Minister: Positive outcome on the ‘Tymoshenko issue’ is expected


A positive outcome is expected in the case of the jailed former Prime Minister Yulia Tymoshenko, which is currently the subject of negotiations between the Ukrainian government and the EU, Leonid Kozhara, Ukraine's foreign minister has told journalists in Kyiv.

"This year is extremely important for Ukraine," Kozhara said, referring to the expected signature of a landmark EU-Ukraine association agreement at the 28-29 November Eastern Partnership summit in Vilnius, Lithuania.

The case of the jailed former Prime Minister is "one major political problem that remains," Kozhara admitted.

He highly praised the European Parliament's monitoring mission to Ukraine headed by former European Parliament President Pat Cox and former Polish President Aleksander Kwaniewski, pointing out that they had visited the country 23 times. "We hope very much that the mission is successful," he said. 

On Tuesday (15 November) the mandate of the monitoring mission was extended until mid-November. "We think the Ukraine is implementing the requirements of the European Union quite successfully and there are a number of statements from the European Commission that the Ukraine has succeeded on the way of reforms," Kozhara explained.

There is a strong consensus on the association agreement within Ukrainian society as well as within the Parliament of Ukraine (Verkhovna Rada), according to the minister.

Vilnius united the opposition

"This is an issue that united all opposition parties in the parliament," said Valentyn Nalyvaichenko, an MP and member of the UDAR (Ukrainian Democratic Alliance for Reforms) faction of Vitali Klitschko's party, last week. "For us there is no other choice, there is no other chance than signing the agreement."

But western EU countries have linked the release of Tymoshenko to the signing of the association agreement.

"We clearly understand that it is the personal responsibility of President Yanukovych to sign a pardon for Yulia Tymoshenko," Nalyvaichenko said. "We did everything we could, asking Yanukovych to actually free her. It's up to him now," Volodymyr Polochaninov of Ukraine's largest opposition party, Batkivshchyna, added. "It's not a good thing to bet on, but I really feel that he is able to do it."

Russia has repeatedly threatened retaliatory action if its former Soviet ally joins a free trade pact with the European Union, and Kozhara said he understood that there were "certain sentiments" from Russia towards Ukraine. But he hoped that after signing the association agreement "we will be able to settle all misunderstandings".

Kozhara suggested that the association of Ukraine with the European Union would lead to additional advantages for Russia as well, making it possible for Moscow to expand trade and political relations with the EU and leading to Ukraine becoming something of a link between the two.

"Russia remains a strategic partner for the Ukraine. Last year our bilateral trade exceeded $50 billion (€36.6 billion), which made Russia the number one trading partner for Ukraine," Kozhara said.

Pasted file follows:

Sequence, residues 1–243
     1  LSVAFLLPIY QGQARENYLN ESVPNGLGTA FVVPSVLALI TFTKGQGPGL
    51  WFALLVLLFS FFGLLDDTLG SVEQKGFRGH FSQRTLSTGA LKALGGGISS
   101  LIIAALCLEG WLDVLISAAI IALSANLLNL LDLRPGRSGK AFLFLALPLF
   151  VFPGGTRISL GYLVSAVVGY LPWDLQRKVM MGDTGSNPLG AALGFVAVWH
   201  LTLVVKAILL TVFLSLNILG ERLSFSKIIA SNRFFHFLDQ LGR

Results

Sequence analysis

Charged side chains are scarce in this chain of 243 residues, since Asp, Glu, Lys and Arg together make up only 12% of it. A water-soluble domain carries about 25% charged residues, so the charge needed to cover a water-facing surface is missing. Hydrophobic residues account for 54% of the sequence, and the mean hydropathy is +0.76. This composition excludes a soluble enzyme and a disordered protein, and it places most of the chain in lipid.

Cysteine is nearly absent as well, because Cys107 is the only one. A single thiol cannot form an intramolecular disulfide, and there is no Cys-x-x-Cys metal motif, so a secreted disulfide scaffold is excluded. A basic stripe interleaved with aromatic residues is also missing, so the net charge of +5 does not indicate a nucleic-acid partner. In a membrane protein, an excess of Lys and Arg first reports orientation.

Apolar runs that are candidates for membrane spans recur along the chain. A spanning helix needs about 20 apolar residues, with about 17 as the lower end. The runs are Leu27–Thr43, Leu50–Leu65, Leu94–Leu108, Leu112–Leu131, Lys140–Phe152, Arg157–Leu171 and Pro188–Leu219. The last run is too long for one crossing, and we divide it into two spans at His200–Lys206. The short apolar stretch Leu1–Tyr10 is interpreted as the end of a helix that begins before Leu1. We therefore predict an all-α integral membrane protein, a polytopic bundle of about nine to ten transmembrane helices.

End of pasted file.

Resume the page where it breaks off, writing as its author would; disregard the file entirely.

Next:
Russia and Ukraine – booze brothers

Polochaninov compared the relations of the Ukraine and Russia to that of "two friends who used to drink alcohol all day long and had hangovers the next morning. But now one of them decided to go training in the gym."

This would mean "trouble" for him in the coming months but he would become a better person, more competitive and with a better lifestyle, Polochaninov said. Nalyvaichenko emphasized that there was a necessity for the current Ukrainian government to speak with Russia.

"If you need to, invite European experts. Clearly and openly explain what we would like to change in our legislation," he said. The changes would contradict any sphere of Ukrainian-Russian relations, Nalyvaichenko said.

  • 18 Nov.: EU foreign ministers to take decisions regarding the Vilnius summit;
  • 28-29 Nov.: Eastern Partnership Summit, to be held in Vilnius under the Lithuanian EU presidency. Ukraine hopes to sign the agreement there, and Moldova and Georgia expect to initial similar agreements.

At the EU-Ukraine summit on 25 February, European Council President Herman Van Rompuy reiterated the three areas where the EU wants to see progress before signing an association agreement (AA) with Kyiv.

The three conditions are to address the problem of "selective justice" - a reference to the imprisonment of former prime minister Yulia Tymoshenko - dealing with the democratic shortcomings stemming from the October national elections, and advancing judiciary reforms.

EU countries are divided on the Tymoshenko case. Some new EU members take the view that Ukraine should not be held back just because of the court case of one person. Diplomats from such countries have said in private that they personally believe Tymoshenko is “not an angel”.

But Germany and other older EU members see Tymoshenko as an icon of the Orange Revolution and say that her release and the dropping of charges against her is a condition sine qua non for signing the AA.

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